I must say that I wasn’t overly enthusiastic to put on an effort to go and see this movie. I actually loved the first Deadpool movie but it might be this constant flow of new superheroes movies that put my motivation down. (It’s actually Priscilla who went to see the latest Avengers movie, I still haven’t).
Furthermore, I didn’t have much hope for Deadpool 2 as I thought it would be hard not to be redundant. Indeed, the screenplay of the first movie was very simple; it relied a lot on Deadpool’s subversive humor and the novelty of its tone. It was something different from the other superhero movies. But how to reproduce such success with a sequel with the surprise effect gone? You have to make something new while being true to the characters. Tricky business!
This film is directed by David Leitch who was mostly a stuntman until recently: he directed Atomic Blonde and he produced John Wick. This might explain why this movie has more action scenes than the first one. You can see that this sequel has a bigger budget. Deadpool 1 cost $58 million which is a “small” budget for a superhero movie (Deadpool even says that the studio didn’t have enough money to pay the cast of X-Men to be in the movie). Deadpool 2’s budget is much bigger – almost twice as much: $110 million- but Ryan Reynolds – who is also a producer of the film – and David Leitch didn’t want the franchise to become a huge production and lose its identity. In this movie there are more action scenes, more CGI, but not to the screenplay detriment.
Indeed, I still loved the pop references, the fourth wall humor (when the character in a movie speaks directly to the audience about the ongoing plot) which is still as provocative. This movie even manages to be deeper than the first one. You can notice themes you find in X-Men movies: the importance of creating your own family, the will to believe in one’s kindness, and even the respect of human life (Deadpool is usually slicing in half his enemies!). The movie is sometimes even romantic! Who would have thought?
This sequel succeeds in transforming Deadpool into a real hero. Because he is going to pay for his unscrupulous methods and change them dramatically.
Thus, this film manages to make you accept a changed Deadpool while keeping the true nature of the character intact. He doesn’t become a goody goody like the superheroes he laughs at. You see a more vulnerable Deadpool but he also remains subversive. One of the strength is this film is to succeed in keeping a balance between his newfound conscious and his true personality. That is why to me the sequel is even better than the original movie.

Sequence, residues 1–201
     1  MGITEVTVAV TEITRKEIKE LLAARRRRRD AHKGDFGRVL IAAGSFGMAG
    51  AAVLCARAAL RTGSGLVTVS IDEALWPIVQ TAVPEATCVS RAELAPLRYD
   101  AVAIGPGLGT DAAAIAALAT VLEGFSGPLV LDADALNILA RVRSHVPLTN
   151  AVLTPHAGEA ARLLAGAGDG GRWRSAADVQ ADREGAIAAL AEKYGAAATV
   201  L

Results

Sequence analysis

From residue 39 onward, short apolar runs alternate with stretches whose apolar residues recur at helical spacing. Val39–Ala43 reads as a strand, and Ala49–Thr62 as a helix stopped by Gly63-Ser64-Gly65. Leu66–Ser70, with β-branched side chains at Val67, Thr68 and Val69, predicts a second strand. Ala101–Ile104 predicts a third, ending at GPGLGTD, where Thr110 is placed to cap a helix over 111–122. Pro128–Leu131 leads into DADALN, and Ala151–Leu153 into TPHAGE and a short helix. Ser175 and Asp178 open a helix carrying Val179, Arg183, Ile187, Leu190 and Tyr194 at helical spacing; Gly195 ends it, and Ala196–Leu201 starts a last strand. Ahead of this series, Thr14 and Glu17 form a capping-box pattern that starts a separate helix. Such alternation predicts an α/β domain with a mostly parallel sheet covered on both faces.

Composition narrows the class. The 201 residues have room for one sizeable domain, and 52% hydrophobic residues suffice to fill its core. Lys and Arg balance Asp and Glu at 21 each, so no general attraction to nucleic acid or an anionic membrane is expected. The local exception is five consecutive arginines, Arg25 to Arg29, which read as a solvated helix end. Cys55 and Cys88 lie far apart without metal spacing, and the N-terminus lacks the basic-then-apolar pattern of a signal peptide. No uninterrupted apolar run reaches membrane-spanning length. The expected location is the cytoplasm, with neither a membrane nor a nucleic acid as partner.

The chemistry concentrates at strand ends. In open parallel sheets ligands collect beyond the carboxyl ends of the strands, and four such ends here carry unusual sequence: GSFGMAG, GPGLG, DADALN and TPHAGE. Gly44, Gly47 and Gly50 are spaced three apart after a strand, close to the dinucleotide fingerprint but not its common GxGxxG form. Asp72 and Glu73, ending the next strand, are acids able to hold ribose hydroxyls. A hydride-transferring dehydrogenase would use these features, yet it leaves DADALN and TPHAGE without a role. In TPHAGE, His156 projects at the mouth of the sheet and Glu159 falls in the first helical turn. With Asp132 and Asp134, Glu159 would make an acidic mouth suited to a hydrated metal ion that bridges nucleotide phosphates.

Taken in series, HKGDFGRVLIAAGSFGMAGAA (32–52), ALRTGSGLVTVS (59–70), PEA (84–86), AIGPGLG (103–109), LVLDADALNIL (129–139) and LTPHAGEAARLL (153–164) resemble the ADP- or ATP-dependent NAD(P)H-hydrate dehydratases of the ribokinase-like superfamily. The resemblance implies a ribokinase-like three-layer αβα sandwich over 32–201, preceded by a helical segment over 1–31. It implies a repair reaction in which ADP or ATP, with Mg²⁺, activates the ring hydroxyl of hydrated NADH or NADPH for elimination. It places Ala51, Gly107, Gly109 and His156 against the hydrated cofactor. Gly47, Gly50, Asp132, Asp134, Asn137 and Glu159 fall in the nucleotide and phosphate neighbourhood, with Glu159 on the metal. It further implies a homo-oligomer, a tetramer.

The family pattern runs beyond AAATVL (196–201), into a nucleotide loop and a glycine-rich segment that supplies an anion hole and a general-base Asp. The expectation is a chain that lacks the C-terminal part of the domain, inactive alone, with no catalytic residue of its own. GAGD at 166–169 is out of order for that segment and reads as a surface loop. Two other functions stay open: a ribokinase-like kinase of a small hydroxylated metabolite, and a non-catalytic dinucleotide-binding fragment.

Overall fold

Some people complained that some characters’ screen presence was greatly reduced like Negasonic Teenage Warhead. But others come to play like Cable. Josh Brolin delivers a great performance as a mercenary coming from the future. He is an excellent counterbalance to Deadpool’s exuberance without going into the brooding type cliché. He is also pretty funny.
The movie has a lot of cameos of famous people and sometimes it is pretty surprising. I was pretty pleased to see Eddie Marsan in this film which is quite unusual when you take a look at his career.
In this film, you see the beginning of the team led by Deadpool: X-Force which one of the most sold comics ever after… X-Men.
A movie will be made on X-Force which should be produced before the Fox and Disney (which owns Marvel as well) fusion is finalized. You can hope the movie will be in the same style as this one (the Deadpool movie being currently co-produced by Fox and Marvel Entertainment). Fox chose recently to go with another direction when producing their superhero movies and make them R rated. It was quite risky to do so since a big part of the audience for this genre is young. It enabled to make movies with more freedom in the narrative and make them different than the usual formula. Deadpool 1 was R rated as well as Logan. After the fusion is finalized though who knows what will become of that strategy? Will Disney let Fox produce some superhero movies that way or will they impose the Marvel way to the studio?
Lastly, let’s talk a bit about the soundtrack that I love and which play a big part in the film whether it’s for action scenes or humor purposes. From classics like “Take on me” by A-HA for irony, to a new Céline Dion song to do a parody of opening credits James Bond movies, to dubstep, to « Thunder » by ACDC, the soundtrack has a big part in the film.
There are no post-credits scenes but a lyrical song that might worth you wait a bit longer to hear it!
Is it #DudeChick certified ?